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HMGB1-Directed Drug Discovery Targeting Cutaneous Inflammatory Dysregulation

[ Vol. 11 , Issue. 3 ]


Sarah D. Lamore, Christopher M. Cabello and Georg T. Wondrak   Pages 250 - 265 ( 16 )


Extracellular cytokine function of the non-histone nuclear protein high-mobility group box 1 (HMGB1) has recently been recognized as an important drug target for novel anti-inflammatory therapeutics. Accumulating evidence supports the mechanistic involvement of the alarmin HMGB1 in skin response to microbial infection and ultraviolet-induced solar damage. Moreover, HMGB1 modulation of inflammatory signaling and tissue remodeling is now emerging as a causative factor in wound repair, autoimmune dysregulation, and skin carcinogenesis, representing cutaneous pathologies that affect large patient populations with unmet therapeutic needs. Recent structure-based drug discovery efforts have aimed at increasing the number of small molecule- and biologics-based prototype therapeutics targeting HMGB1. Small molecule drugs that may provide therapeutic benefit through HMGB1-directed mechanisms involve HMGB1 inhibitory ligands, Toll-like receptor antagonists, RAGE antagonists, α7 nicotinic acetylcholine receptor agonists, G2A antagonists, serine protease inhibitors, and α-dicarbonyl-based soft electrophiles. Using some of these agents, pharmacological modulation of HMGB1-associated cutaneous pathology has been achieved with an acceptable toxicity profile, and preclinical proof-of-concept experimentation has demonstrated feasibility of developing HMGB1-modulators into novel systemic and topical therapeutics that target cutaneous inflammatory dysregulation.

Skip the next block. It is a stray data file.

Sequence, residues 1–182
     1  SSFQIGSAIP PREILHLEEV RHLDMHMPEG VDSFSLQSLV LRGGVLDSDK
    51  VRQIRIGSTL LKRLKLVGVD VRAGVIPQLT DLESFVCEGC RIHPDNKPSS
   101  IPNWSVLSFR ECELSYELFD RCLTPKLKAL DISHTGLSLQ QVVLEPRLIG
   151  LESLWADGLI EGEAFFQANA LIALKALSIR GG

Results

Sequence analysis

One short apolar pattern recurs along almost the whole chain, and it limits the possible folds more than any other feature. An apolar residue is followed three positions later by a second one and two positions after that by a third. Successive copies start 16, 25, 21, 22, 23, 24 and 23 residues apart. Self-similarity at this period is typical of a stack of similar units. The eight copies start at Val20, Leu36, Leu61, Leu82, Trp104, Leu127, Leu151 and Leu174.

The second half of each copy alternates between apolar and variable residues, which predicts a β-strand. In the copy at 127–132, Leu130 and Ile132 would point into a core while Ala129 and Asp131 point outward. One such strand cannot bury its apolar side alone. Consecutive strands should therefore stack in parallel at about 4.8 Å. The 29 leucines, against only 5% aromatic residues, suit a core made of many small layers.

HMGB1, RAGE, cytokine, inflammation, skin, drug discovery, molecular target, cutaneous pharmacotherapy


University of Arizona, 1515 North Campbell Avenue, Tucson, AZ 85724 USA.

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